In Africa’s fragile contexts, the burden of conflict, poverty and climate change falls most heavily on already marginalized groups. If we do not increase our efforts significantly and collectively, the continent’s share of the world’s poor will rise to more than 90% by 2030, and 8 of the 10 poorest countries in the world will be in Africa and in situations of fragility.
We must act decisively to restore this path. Today, trouser pockets are increasingly spreading within and across borders, exacerbated by the COVID-19 outbreak with its health and socio-economic consequences. The pandemic has excessively affected women and girls living in fragile contexts, including ripple effects on education, livelihoods and nutrition.
However, women are the backbone of African economies and may be the main drivers of transformation, as we strive to build better, more resilient societies. It is women, if empowered and given adequate support, who can help rebuild communities once the crisis is over.
Studies show that women reinvest up to 90% of their income in Africa to provide a social safety net to their families, with a positive effect on health, education and nutrition. Investing in women generates higher returns for development.
Challenges of vulnerability and fragility
Fragility and its manifestations are complex, multidimensional, and evolve as a result of dramatic social, economic, political, and environmental changes that exacerbate patterns of inequality, exclusion, and marginalization. For too long, women have been – and unfortunately too often – confined to unpaid care and low-paid work, resulting in unpredictable and inadequate sources of income and social protection.
The COVID-19 crisis deepened these inequalities. A study conducted by ImpactHer and UN Women in July 30 in 30 African countries revealed that 80% of female small and medium-sized (SME) business owners had to suspend their businesses temporarily or permanently due to pandemic restrictions.
The effect of an economic retrenchment in women-led businesses is felt across society, as women-run businesses make up about 40% of SMEs in Africa. This has led to reduced access to basic services, including food security, nutrition, health, education and housing, to name a few, increasing pressure on fragility across the continent. At the same time, the fiscal space of governments is narrowing due to reduced economic activity and rising budget demands for social protection amid the pandemic. This leaves less resources for development funding.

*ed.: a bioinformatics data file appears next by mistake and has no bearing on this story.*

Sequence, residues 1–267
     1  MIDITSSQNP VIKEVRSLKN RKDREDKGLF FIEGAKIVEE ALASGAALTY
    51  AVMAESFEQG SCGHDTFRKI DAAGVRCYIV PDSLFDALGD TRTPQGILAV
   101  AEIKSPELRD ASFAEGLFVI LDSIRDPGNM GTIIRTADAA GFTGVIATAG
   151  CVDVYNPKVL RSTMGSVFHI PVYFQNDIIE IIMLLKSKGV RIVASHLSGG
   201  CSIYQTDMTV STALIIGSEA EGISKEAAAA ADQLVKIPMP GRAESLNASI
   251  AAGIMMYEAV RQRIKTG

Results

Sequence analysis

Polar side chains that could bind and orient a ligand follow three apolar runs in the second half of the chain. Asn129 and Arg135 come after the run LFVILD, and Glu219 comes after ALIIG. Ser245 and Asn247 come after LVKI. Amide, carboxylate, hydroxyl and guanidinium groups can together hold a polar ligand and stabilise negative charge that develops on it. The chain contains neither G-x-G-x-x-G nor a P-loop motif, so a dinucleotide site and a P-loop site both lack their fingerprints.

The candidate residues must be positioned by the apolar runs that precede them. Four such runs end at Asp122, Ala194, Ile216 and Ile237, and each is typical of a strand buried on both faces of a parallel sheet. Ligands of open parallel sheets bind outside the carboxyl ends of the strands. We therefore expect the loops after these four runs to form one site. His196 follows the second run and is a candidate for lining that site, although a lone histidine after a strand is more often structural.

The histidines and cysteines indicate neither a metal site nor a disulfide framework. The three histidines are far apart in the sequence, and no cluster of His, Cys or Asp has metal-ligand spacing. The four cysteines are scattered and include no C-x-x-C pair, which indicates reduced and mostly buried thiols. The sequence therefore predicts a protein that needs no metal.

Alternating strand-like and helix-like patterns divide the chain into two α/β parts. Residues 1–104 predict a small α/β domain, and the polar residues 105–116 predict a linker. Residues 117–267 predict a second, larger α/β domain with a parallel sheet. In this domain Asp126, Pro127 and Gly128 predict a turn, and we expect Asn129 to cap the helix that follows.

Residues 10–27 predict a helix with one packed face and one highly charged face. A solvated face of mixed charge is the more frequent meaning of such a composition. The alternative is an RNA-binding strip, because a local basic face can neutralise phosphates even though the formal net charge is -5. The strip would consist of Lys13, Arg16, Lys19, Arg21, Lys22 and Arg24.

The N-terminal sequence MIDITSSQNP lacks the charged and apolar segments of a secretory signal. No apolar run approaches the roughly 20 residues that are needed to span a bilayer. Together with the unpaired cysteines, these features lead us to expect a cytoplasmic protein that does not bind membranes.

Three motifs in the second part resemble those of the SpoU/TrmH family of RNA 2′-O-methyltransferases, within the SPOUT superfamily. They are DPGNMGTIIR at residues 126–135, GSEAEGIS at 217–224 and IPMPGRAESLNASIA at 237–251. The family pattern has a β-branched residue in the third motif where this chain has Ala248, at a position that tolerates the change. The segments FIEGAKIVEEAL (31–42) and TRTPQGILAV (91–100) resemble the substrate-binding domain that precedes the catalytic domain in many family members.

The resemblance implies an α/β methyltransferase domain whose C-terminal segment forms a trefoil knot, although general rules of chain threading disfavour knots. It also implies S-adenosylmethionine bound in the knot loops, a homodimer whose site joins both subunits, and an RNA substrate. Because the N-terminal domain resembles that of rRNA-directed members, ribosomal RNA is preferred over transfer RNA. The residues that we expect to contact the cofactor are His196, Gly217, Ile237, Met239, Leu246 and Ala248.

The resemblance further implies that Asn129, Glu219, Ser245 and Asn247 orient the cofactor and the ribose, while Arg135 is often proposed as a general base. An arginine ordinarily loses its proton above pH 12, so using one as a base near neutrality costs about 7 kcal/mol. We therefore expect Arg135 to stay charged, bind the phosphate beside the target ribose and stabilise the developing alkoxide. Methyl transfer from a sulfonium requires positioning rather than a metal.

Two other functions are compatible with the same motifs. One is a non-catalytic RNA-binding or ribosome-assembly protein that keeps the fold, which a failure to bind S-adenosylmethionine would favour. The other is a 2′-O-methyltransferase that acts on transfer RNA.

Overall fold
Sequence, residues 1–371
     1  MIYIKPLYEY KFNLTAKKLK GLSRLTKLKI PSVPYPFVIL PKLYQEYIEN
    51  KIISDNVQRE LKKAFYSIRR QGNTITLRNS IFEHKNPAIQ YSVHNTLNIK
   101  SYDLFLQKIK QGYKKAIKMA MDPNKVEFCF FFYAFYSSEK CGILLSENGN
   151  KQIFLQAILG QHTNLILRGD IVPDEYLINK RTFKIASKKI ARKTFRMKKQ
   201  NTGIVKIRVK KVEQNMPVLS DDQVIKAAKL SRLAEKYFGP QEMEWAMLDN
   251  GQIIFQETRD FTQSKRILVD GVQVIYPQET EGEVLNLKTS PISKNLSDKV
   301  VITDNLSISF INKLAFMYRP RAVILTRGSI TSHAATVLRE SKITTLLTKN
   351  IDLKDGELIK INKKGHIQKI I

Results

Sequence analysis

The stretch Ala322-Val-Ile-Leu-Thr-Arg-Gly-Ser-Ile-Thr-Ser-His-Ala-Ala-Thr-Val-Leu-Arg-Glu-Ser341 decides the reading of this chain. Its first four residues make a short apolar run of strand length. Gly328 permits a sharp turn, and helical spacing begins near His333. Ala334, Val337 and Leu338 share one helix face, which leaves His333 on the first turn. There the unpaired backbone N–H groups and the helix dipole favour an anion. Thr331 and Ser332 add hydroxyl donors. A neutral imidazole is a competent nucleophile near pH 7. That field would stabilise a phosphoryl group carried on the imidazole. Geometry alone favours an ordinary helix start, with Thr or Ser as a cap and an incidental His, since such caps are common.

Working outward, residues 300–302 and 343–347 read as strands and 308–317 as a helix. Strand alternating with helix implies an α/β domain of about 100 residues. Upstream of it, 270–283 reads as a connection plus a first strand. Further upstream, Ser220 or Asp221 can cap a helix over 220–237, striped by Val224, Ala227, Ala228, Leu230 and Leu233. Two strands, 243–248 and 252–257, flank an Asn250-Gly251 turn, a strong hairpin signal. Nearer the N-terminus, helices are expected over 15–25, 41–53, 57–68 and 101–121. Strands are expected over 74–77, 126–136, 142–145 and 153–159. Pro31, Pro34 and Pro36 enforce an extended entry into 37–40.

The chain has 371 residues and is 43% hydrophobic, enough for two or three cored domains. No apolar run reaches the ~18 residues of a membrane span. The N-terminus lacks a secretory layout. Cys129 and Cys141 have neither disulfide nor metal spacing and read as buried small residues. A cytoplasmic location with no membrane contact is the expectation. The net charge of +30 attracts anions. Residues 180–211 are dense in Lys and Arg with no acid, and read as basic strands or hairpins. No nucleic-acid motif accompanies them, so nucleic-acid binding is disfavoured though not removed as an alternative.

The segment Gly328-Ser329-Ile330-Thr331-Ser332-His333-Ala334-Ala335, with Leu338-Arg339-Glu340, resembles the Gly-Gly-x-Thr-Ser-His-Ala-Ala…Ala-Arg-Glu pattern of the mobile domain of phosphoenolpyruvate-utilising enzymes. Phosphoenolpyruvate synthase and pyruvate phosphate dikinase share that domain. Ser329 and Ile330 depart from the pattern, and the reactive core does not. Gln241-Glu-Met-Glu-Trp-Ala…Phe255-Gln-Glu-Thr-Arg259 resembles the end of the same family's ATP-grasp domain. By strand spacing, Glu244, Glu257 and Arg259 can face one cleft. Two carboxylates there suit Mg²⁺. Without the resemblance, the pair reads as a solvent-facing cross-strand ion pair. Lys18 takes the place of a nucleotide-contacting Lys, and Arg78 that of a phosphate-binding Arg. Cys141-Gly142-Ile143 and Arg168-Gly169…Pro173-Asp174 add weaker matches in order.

Utilizing the potential of women to stimulate resilience
Women are at the heart of our economies and societies, and their access to more opportunities has collateral benefits for all – and magnifies their impact. If women are empowered and adequately supported, transformation into inclusive communities with shared prosperity and reduced poverty on the African continent is possible.
The African Development Bank remains at the forefront of the challenge of reaching the continent’s most vulnerable and strengthening resilient communities.
The Bank works specifically with partners to address the main causes of fragility and vulnerability among women, youth and other marginalized groups, such as violent displaced persons and host communities, through key strategic and operational policies. We do this by expanding analysis, knowledge and tools that support our strategies, policies and operations across the African continent.
One example is the Bank’s support for income-generating activities in the Sahel, in areas such as Timbuktu in Mali, Diffa and Agadez in Niger and Kishira in Chad, with the aim of breaking long-term cycles of crisis and vulnerability. Although response and flexibility guide the banking group’s approach to tackling fragility, more attention needs to be paid to early warning of risks, mitigation and prevention efforts.
While much land has been covered, many challenges still lie ahead. This needs to be addressed through an integrated approach in all sectors so that specific interventions can be identified, performance monitored and reported.
We need innovative partnerships that break the silos of development and humanitarian interventions along the peace development-humanitarian context. We need to win over the private sector and take advantage of our comparative advantages to have the desired impact on the land and break the cycle of poverty and fragility.
Some of the most effective ways to invest in the resilience of women, youth and vulnerable communities will be highlighted at the Virtual Finance in Common (FiC) virtual summit from 11 to 12 November (for example, but not limited to, high-level event 3) on human security in fragile environments: investment in humanitarian and resilience and high-level 7 on development banks as actors scale for change towards gender equality. The summit brings together for the first time 450 public development banks, with the aim of promoting new forms of investment to promote inclusive and sustainable growth. Join us online (https://financeincommon.org/).
The time has come to invest in women, harness their power and resilience to build more prosperous communities.
Because where women succeed, everyone benefits from it.
Vanessa Moungar is the director of the AfDB’s division for gender, women’s and civil societies
Yero Baldeh is the AfDB’s director of the Transition States Coordination Office